Consumerism is the attitude of what we often refer to as the secular society, but what does secular mean? Here are some suggestions: a secular society can be one in which religion has become a self-consciously separate institution; or, in a secular society religion and spirituality are totally integrated with everyday life so there is no self-conscious religion per se. Our English secular comes from the Lain saeculum, meaning this present age.

Beyond this, in many ways biblical living is not "religious," since religion typically has more in common with cult, ideology or philosophy than with a lifestyle based on a free response in time to the actions of a gracious God in history, so at least in these terms, Christianity is not religious. But is it secular? As Hebrew Bible scholar Walter Brueggemann insists, "We are indeed made in the image of some God." Most pre-rational societies made their gods in the image of their society, which then conveniently continued to reflect the gods. Although folks in those cultures probably did not realize their gods were made by humans, as we look back to theirs and then try looking inward at our culture and society, we realize just maybe we have made our own gods—those gods we first form and then keep reshaping into our own image of consumerism, greed, acquisition and possibly above all restlessness and discontent.

Briefly, if in a secular society religion is a self-conscious institution, probably this post-modern USA culture is secular, carrying all of us along with its tide; but then as the people of God in Christ Jesus, to an extent we qualify to be called "secular" in terms of the second definition of secular, since for us who live in Christ the Way of the Cross is supposed to be seamlessly integrated into every aspect of our lives.

But back to our talk about Christmas giving and Christmas mania! It took me until too recently to realize all the gifts in the world couldn't bring me what I have come to know as "joy," but I will come to that a little later.

A few years ago on my neighbor's dad's birthday my neighbor's family received a surprise: instead of the family giving gifts to their dad, their dad gave gifts to them, telling them the best birthday present was seeing their faces and reactions when he gave gifts to them. What he gave to each person wasn't the important part—it was the gracious act of giving, in and of itself. I'm not sure the younger kids in the family have come to realize the importance of what he gave them that day, but the teenagers and the adults most definitely have! While I'll admit I am not immune to the intense consumer attitude that fills our every day lives, I desire less every year. Christmas time has become a much more spiritual and Christ-centered time for me and in more recent years I keep experiencing more and more of the hope, peace, love and joy of Advent and then Christmas; I partly thank my neighbor's experience for that.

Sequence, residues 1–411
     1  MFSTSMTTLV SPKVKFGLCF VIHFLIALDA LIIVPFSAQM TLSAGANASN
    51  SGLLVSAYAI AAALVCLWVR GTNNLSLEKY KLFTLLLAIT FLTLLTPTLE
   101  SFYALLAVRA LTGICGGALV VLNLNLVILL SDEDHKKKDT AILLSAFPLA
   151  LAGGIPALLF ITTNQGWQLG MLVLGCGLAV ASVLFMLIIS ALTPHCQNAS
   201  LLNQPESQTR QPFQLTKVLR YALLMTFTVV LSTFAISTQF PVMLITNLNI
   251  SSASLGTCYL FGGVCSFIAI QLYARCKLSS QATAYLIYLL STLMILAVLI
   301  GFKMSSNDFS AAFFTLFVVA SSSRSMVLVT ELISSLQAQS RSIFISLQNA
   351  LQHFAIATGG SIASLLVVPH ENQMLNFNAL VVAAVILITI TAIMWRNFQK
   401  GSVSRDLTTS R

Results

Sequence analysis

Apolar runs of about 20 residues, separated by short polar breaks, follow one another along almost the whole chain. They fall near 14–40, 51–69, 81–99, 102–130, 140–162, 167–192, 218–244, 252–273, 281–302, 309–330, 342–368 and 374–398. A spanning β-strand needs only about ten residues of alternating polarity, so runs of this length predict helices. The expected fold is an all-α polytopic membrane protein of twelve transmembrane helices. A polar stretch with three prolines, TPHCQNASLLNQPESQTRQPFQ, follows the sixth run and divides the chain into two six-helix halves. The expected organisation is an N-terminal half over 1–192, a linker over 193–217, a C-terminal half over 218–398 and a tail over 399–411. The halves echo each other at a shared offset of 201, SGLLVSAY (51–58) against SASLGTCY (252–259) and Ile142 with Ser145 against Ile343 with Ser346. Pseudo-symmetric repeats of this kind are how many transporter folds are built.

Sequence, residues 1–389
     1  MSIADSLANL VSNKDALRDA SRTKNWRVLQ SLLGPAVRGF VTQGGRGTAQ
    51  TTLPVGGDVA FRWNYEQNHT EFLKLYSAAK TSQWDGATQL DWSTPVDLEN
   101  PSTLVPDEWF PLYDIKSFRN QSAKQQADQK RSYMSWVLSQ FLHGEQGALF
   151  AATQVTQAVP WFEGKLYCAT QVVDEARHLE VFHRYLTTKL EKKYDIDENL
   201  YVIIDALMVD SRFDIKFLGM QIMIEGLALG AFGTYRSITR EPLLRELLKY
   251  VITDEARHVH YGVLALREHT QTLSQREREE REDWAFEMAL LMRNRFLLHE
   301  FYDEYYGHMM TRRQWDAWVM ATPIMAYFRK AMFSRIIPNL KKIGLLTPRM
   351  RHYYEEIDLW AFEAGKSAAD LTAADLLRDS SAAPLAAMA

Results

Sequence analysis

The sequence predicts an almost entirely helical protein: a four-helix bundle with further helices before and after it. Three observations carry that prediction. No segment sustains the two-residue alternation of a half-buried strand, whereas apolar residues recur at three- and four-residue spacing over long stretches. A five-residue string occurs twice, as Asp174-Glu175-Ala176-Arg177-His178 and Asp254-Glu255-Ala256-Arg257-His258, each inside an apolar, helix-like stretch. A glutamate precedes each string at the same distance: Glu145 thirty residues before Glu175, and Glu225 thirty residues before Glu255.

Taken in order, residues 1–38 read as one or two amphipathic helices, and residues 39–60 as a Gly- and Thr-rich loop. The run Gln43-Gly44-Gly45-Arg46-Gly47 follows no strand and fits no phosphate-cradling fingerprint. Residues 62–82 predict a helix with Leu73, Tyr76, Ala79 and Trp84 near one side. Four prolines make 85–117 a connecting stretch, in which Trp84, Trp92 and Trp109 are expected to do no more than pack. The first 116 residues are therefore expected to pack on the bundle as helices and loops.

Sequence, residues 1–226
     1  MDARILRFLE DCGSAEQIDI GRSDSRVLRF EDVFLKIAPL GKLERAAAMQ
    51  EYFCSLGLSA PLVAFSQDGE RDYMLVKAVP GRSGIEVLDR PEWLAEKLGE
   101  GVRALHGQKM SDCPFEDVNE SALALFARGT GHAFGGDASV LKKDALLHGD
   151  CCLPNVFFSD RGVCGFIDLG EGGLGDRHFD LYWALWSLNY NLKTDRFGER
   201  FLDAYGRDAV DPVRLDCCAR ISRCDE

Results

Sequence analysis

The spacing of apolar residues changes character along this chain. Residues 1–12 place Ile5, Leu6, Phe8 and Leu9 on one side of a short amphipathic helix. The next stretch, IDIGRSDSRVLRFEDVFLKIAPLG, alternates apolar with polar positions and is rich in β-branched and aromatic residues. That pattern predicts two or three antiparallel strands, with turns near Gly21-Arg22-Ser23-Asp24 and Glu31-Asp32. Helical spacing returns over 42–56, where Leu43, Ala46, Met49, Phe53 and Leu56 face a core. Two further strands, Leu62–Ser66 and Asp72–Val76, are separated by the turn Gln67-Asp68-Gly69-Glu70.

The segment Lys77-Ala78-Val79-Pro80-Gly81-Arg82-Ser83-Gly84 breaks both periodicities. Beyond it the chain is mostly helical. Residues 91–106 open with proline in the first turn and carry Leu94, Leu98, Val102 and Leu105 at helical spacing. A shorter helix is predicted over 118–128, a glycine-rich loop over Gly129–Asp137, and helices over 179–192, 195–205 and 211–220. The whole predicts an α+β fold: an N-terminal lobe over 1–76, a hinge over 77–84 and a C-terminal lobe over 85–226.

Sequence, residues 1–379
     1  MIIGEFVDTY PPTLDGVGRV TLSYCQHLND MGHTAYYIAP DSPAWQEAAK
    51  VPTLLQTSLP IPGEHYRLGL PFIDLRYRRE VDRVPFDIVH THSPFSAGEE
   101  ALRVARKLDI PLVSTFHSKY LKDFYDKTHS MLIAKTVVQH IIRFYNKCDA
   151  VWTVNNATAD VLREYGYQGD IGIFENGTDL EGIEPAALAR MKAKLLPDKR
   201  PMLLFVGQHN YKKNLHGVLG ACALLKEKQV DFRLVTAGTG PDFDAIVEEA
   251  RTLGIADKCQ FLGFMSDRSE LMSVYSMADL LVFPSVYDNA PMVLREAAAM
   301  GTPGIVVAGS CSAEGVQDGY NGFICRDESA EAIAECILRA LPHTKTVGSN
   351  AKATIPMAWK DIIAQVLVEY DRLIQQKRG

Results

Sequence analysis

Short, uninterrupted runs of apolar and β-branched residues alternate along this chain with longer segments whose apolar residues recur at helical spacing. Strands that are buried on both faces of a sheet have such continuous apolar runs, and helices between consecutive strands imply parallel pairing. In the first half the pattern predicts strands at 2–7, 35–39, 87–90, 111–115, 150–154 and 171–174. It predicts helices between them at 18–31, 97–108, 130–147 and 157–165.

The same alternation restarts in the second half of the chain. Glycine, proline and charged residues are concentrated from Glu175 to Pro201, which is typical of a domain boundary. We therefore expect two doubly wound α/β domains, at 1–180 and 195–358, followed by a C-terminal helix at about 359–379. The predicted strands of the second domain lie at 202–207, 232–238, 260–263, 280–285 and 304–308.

Now for a little change of pace: I know the sermon title sounds as if I'd planned to talk about Peace, but that was so two weeks ago. I took the title from the passage in Micah we read this morning, which tells of the coming of one who is to rule in Israel whose origin is from old, ancient days. One of the best parts of the scripture reads:

Micah 5:4

"He will stand tall in his shepherd-rule by GOD's strength,
centered in the majesty of GOD-Revealed.
And the people will have a good and safe home,
for the whole world will hold him in respect—
Peacemaker of the world!"
Micah also foretells the one who is to come will be from the people: to hear this in that particular time had to be some pretty great news, since in those days God was a high, lofty, faraway figure; God was an eternal immortal Wholly Other and Holy Other looking down upon the earth and zapping the people who refused to believe in him and follow him; therefore, most people feared God, not as in the fear of awe-filled but in the fear of afraid. And as Mary tells her story to Elizabeth, she says, "His mercy flows in wave after wave on those who are in awe before him." But that's not the important part! The good news is he who is coming, the one God is sending is a mortal, a human, one from the people and one of the people: a friend, a neighbor, a human being, a person exactly like each of us, but without sin, to share our common lot and to live a life like ours, including being born of a woman and dying and being buried. As the infant in the Bethlehem manger, to this world of the earth, our God descends, willing to live among us in the image of our humanity so we might take part in his divinity!